Vatican to loan famed Belvedere Torso to British Museum

Sculpture that inspired Michelangelo's Sistine Chapel visits Britain for the first time

The British Museum’s new show includes the Belvedere Torso, which is believed to have inspired the detail of Adam in Michelangelo’s Sistine Chapel (pictured)
The British Museum’s new show includes the Belvedere Torso, which is believed to have inspired the detail of Adam in Michelangelo’s Sistine Chapel (pictured)

Adam reaching out to God across the ceiling of the Sistine Chapel ranks among the most famous details of any work in the history of Western art.

Now the sculpture that inspired Michelangelo’s painting The Creation of Adam is to travel to the UK for the first time for a forthcoming British Museum exhibition about the human body in ancient Greek art.

According to Neil MacGregor, the director of the British Mseum, the display of “beautiful works” will demonstrate that the modern human obsession with the perfect body is nothing new.

The Vatican Museum has agreed to lend the Belvedere Torso, which experts have suggested may depict Heracles, the mascluine hero of Greek mythology, for its show “Defining Beauty: The Body In Ancient Greek Art”. Mr MacGregor called it “one of the great sculptures of antiquity that shaped how people thought about the human body”.

The work dates to the 1st century BC, and is signed by the Athenian sculptor Apollonios, although it is actually a Roman copy of the original.It will be paired with the only surviving study Michelangelo made for the figure of Adam that he painted in the Sistine Chapel, which is in the British Museum collection.

A 2nd century AD Roman marble copy of a statue of Greek goddess Aphrodite from a forthcoming exhibition at the British Museum in London

The Florentine artist saw the torso as the finest fragment of classical sculpture that could be seen in his day, and refused the Vatican’s demands that he restore the work. Instead, Mr MacGregor said, Michelangelo studied the torso for The Creation of Adam, which he painted in about 1512, depicting God breathing life into the first man. Mr MacGregor said: “It is a loan of astonishing importance. Until the Parthenon sculptures came to London, that was the most important Greek body in Europe.”

Dr Ian Jenkins, the senior curator of ancient Greek works at the museum, said. “Michelangelo spoke about it as if it was a model. He talked about its extreme understanding of human physique, and at the same time he said there was a principle in it.”

Also on display among the 150 objects will be a 7cm tall bronze figurine that Dr Jenkins described as the “beginning of narrative sculpture”. The curator discovered the statuette, dating from 750 BC, in storage at the museum in 1996 and immediately realised its significance. It depicts the Greek hero Ajax in the act of stabbing himself. “This is the first identifiable figure from Greek myth,” he said. “I love it for its symbolism and its desire to tell a story.”

Mr MacGregor said the sculptures of Greek athletes and heroes had the bodies “everyone wants to have”, adding: “It is one of the great achievements of this particular art form that it has become the currency of daily life, from Bondi Beach to California and in between.”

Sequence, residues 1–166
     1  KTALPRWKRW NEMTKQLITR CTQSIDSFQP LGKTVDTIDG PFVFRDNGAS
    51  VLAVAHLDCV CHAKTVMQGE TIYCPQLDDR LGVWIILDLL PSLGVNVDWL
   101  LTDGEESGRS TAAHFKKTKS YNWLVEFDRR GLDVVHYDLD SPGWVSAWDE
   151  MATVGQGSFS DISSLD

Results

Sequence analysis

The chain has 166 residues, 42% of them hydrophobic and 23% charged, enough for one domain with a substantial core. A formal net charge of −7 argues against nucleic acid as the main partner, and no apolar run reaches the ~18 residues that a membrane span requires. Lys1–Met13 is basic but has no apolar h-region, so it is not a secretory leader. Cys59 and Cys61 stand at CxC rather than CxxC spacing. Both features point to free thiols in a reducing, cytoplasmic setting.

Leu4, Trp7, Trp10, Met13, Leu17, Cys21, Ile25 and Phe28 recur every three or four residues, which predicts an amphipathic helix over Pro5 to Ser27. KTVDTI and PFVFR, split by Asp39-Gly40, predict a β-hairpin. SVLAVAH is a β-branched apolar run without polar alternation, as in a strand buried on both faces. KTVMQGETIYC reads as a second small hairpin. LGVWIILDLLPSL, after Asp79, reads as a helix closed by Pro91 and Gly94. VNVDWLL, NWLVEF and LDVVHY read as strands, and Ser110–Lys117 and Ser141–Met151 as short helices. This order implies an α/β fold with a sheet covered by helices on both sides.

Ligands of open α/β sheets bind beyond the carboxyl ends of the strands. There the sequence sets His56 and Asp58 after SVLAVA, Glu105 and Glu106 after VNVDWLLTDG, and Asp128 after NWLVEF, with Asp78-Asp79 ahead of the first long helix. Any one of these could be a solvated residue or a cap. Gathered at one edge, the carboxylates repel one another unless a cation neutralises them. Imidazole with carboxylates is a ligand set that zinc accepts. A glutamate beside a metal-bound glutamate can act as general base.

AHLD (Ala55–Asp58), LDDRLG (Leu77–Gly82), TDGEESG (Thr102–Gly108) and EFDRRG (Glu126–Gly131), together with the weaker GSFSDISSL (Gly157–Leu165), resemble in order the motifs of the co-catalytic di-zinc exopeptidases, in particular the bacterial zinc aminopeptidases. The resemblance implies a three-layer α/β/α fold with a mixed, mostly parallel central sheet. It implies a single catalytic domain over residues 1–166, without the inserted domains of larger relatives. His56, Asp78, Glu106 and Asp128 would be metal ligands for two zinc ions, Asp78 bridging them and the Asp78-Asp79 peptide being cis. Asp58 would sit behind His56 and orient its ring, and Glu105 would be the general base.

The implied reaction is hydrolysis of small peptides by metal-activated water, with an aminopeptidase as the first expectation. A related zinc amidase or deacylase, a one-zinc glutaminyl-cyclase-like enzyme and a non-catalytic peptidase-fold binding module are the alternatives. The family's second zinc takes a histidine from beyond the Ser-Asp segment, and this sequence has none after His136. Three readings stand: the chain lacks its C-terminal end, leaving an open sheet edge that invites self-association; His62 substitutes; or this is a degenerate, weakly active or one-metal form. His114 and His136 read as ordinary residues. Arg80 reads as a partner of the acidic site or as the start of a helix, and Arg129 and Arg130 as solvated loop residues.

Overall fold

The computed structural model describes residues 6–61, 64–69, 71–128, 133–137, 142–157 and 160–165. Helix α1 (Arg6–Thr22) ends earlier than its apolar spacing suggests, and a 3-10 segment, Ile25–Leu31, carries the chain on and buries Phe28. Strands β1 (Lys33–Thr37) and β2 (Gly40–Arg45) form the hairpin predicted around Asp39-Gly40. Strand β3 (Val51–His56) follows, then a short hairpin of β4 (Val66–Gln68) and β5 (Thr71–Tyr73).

Another prize exhibit, on loan from Croatia, is a figure of a nude athlete scraping his body with a strigil – a metal tool used by Greek and Roman athletes after exercise to remove dirt, perspiration, and oil before bathing. The statue was raised off the seabed near Losinj in 1999 and is travelling to Britain for the first time.

Mr MacGregor said: “This exhibition will be a celebration of the beauty and ideals of ancient Greek art. Some of the most beautiful works in the world will be brought together for the first time in a narrative exploring the highest achievements of ancient Greek artists and philosophers, exploring what it is to be human.”

The show will also include six of the museum’s so-called Elgin Marbles – a series of carved marble inscriptions and architectural pieces that originally formed part of the temple of Parthenon and other buildings on the Acropolis of Athens. They will be taken out of their permanent gallery and placed in the temporary exhibition to give them a “different narrative from their usual context”.

The marbles were created by Phidias, one of the three great sculptors of the age alongside Myron and Polykleitos, who were said to have trained in the workshop of a single master and, according to the British Museum, were “each motivated by a strong impulse to outdo the other”.

Dr Jenkins said the Greeks’ focus on nudity in sculpture did not exist in any other ancient civilisation. He added: “To the Persians, Assyrians and Egyptians, nudity was shameful; but to the Greeks it was the mark of the hero.”

A loan of one of the Elgin Marbles to Russia has re-opened diplomatic wounds between Britain and Greece, which wants the friezes returned to Athens. Despite the diplomatic fallout, Mr MacGregor said relations with Greek cultural institutions remained strong, and the British Museum hoped to borrow a piece for the exhibition from the Museum of Cycladic Art in Athens. “We are waiting to hear,” he added.

Defining beauty: The body in Ancient Greek Art” is at the British Museum, London, from 26 March to 5 July

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